Archive for the Psychic Powers Category

Pickin’ the Carcass: THE PACT (2012)

Posted in 2013, Family Secrets, Ghosts!, Haunted Houses, Horror, Indie Horror, Michael Arruda Reviews, Pickin' the Carcass, Psychic Powers with tags , , , , , , , on May 8, 2013 by knifefighter

PICKIN’ THE CARCASS:  THE PACT (2012)
By Michael Arruda

The Pact - poster

Welcome to PICKIN’ THE CARCASS, that column where we scour the countryside looking for horror movie gems which, for one reason or other, we missed the first time around.  Sadly, there’s usually a good reason we miss these flicks during their first run, but lately I’ve had some luck as I’ve caught films that I’ve actually enjoyed.

The subject of today’s column, THE PACT (2012) ,gets off to such a strong start and features such likable performances, I found myself forgiving all the problems its plot runs into later on.

THE PACT, now available on Streaming Video, opens with a young woman, Nichole (Agnes Bruckner), on the phone trying to convince her sister that she needs to return home to attend their mother’s funeral, but her sister says no, that she hasn’t forgiven their mother for all the awful things she did to them.

Nichole is alone in her deceased mom’s home, and shortly after hearing some strange noises and feeling an unseen presence behind her, she decides to Skype her young daughter who’s with a babysitter.  In the middle of the conversation, her young daughter asks, “Mommy, who’s that standing behind you?”  Yikes!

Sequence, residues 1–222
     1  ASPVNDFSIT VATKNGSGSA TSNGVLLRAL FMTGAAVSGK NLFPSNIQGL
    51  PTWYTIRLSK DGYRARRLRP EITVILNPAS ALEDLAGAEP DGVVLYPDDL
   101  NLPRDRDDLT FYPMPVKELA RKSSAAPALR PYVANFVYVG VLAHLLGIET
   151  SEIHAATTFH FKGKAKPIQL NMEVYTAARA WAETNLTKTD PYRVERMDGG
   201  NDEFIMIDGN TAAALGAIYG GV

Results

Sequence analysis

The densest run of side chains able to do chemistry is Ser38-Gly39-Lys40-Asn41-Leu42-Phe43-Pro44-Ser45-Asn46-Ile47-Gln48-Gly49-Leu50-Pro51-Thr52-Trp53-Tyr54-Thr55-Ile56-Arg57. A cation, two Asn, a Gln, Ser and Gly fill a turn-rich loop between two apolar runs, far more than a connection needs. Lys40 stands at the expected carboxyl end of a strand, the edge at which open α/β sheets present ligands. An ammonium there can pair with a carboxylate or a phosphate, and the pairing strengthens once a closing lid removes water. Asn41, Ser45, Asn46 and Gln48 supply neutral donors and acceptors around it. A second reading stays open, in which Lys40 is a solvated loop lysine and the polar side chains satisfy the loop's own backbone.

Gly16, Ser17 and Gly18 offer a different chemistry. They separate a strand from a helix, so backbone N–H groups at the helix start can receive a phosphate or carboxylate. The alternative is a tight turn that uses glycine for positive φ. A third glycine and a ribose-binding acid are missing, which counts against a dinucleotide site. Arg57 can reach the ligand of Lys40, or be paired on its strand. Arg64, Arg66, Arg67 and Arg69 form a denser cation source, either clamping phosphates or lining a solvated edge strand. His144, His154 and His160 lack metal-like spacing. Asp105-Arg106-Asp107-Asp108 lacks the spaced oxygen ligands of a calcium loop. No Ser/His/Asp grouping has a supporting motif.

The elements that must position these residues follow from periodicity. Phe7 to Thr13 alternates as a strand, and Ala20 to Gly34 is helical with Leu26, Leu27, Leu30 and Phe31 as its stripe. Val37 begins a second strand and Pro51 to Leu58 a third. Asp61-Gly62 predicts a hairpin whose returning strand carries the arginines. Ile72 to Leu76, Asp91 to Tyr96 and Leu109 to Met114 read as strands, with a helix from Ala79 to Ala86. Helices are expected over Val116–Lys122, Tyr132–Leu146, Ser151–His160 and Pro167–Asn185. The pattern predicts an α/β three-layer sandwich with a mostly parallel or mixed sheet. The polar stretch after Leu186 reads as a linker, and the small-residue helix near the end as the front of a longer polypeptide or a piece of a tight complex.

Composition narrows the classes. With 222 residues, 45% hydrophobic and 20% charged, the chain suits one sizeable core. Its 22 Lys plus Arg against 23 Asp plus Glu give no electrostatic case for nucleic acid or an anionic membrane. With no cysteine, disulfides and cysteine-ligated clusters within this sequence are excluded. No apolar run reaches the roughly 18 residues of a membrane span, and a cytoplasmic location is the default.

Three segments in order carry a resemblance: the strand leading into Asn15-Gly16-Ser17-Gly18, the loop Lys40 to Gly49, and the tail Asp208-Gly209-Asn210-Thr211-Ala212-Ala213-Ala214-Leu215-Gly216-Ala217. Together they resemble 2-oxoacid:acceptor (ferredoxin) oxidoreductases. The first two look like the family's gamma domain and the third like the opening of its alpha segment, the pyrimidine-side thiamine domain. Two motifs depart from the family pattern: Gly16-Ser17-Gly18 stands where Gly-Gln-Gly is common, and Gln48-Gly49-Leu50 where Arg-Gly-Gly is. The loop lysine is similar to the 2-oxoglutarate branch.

Nichole’s sister, Annie (Caity Lotz), changes her mind about skipping her mom’s funeral, and she arrives at her mom’s house to find that her sister has disappeared.  Annie’s cousin, Liz (Kathleen Rose Perkins), had been babysitting Nichole’s young daughter, and after the funeral, they all stay overnight at Annie’s mom’s house while they try to figure out what happened to Nichole.  That night, there are more eerie noises and strange going’s on, and Liz disappears.

Annie goes to the police, and since there is evidence of a struggle, she finds herself a suspect in both disappearances.  A local police officer, Bill Creek (Casper Van Dien), takes an interest in her case and offers to help her.  However, Annie suspects the real threat is a supernatural one, and so she turns to a medium, Stevie (Haley Hudson), who comes to the house with her assistant, Giles (Sam Ball).

Annie, Stevie, and Giles encounter more weird happenings inside the house and discover a secret room hidden behind the walls of the home.  Stevie is able to shed some light on the entity inside the house and provides Annie with some important clues regarding the whereabouts of Nichole and Liz.  But the biggest discovery comes later, when Annie realizes the threat against her and her family isn’t just a paranormal one.

There’s a lot to like about THE PACT, from its story, which is more than just a PARANORMAL ACTIVITY rehash, to its strong acting performances, to a bang up directorial effort by writer/director Nicholas McCarthy.

THE PACT contains a lot of cool scenes and provides some neat images, like the creepy man sobbing on the edge of a bed.  There are some violent sequences as well, including a gruesome stabbing scene, and the gore looks real.  There’s no CGI blood in sight.